In mid-2019, Fortnite studio Epic Games acquired Houseparty for an undisclosed sum. No, not House Party—Houseparty, a video chat application for mobile devices and PCs that was launched in early 2016. It doesn’t sound like the most innovative piece of software ever conceived—up to eight users can take part in a single chat session, with notifications sent when friends come online—but it’s experienced a big surge in popularity recently, as people look for new ways to stay in touch while in self-isolation. It’s currently one of the most-downloaded apps on both the App Store and Google Play.
Earlier this month, however, rumors began to surface that Houseparty was somehow being used to “hack” into users’ Netflix, PayPal, and Spotify accounts. According to The Independent, the claims first appeared on Twitter, but have since spread to other platforms. Several of the tweets claiming that Houseparty was hacking into other accounts also said that the only way to avoid the problem is to delete it completely.
Houseparty, naturally, insisted that its accounts and service are safe: “The service is secure, has never been compromised, and doesn’t collect passwords for other sites,” it tweeted yesterday.
Today, it took the matter a step further by suggesting that the hacking rumors are part of a deliberate effort to discredit and damage the company. It also offered a $1 million bounty to anyone who can provide proof that this is in fact happening.
We are investigating indications that the recent hacking rumors were spread by a paid commercial smear campaign to harm Houseparty. We are offering a $1,000,000 bounty for the first individual to provide proof of such a campaign to [email protected]March 31, 2020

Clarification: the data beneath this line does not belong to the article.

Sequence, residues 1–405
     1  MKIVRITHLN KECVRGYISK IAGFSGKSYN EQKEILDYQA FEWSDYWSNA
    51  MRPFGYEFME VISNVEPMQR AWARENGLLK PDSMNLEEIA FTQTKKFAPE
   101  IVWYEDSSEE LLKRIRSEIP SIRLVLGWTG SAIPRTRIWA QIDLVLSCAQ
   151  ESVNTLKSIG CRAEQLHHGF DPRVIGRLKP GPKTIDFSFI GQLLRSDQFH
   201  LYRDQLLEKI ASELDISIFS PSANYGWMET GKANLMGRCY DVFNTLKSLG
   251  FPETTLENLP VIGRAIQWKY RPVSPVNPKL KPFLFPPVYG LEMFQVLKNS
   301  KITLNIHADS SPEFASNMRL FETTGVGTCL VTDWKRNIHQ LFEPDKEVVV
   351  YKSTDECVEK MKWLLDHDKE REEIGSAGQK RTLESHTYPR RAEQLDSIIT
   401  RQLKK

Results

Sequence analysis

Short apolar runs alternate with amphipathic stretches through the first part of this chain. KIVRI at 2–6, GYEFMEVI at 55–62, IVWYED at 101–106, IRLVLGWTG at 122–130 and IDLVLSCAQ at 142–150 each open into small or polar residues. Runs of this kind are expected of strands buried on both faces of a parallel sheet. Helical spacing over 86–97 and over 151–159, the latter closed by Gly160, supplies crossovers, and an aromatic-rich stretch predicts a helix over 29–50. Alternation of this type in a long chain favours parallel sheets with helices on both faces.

Epic Games, which said in a statement yesterday that it has “found no evidence to suggest a link between Houseparty and the compromises of other unrelated accounts,” confirmed that the bounty is legitimate.
“Our investigation found that many of the original tweets spreading this claim have been deleted and we’ve noticed Twitter accounts suspended,” it said. “It’s a disheartening situation for a service like ours that’s bringing people much needed face-to-face social connections and empathy at a critical time.”
Working against Epic is the fact that it’s already subject to some distrust among a small section of gamers, due to the 40 percent stake that Chinese conglomerate Tencent holds in the company. Epic and CEO Tim Sweeney have repeatedly debunked the claim—and Epic is hardly the only game company Tencent has invested in—but like all good conspiracy theories, it never really goes away.
Houseparty is part of Epic. I’m the controlling shareholder. Tencent is an investor among many others. Tencent and other investors have no access to Epic or Houseparty customer data.March 31, 2020
Epic also urged people to use strong, unique passwords for their online accounts, ideally with a password generator or manager.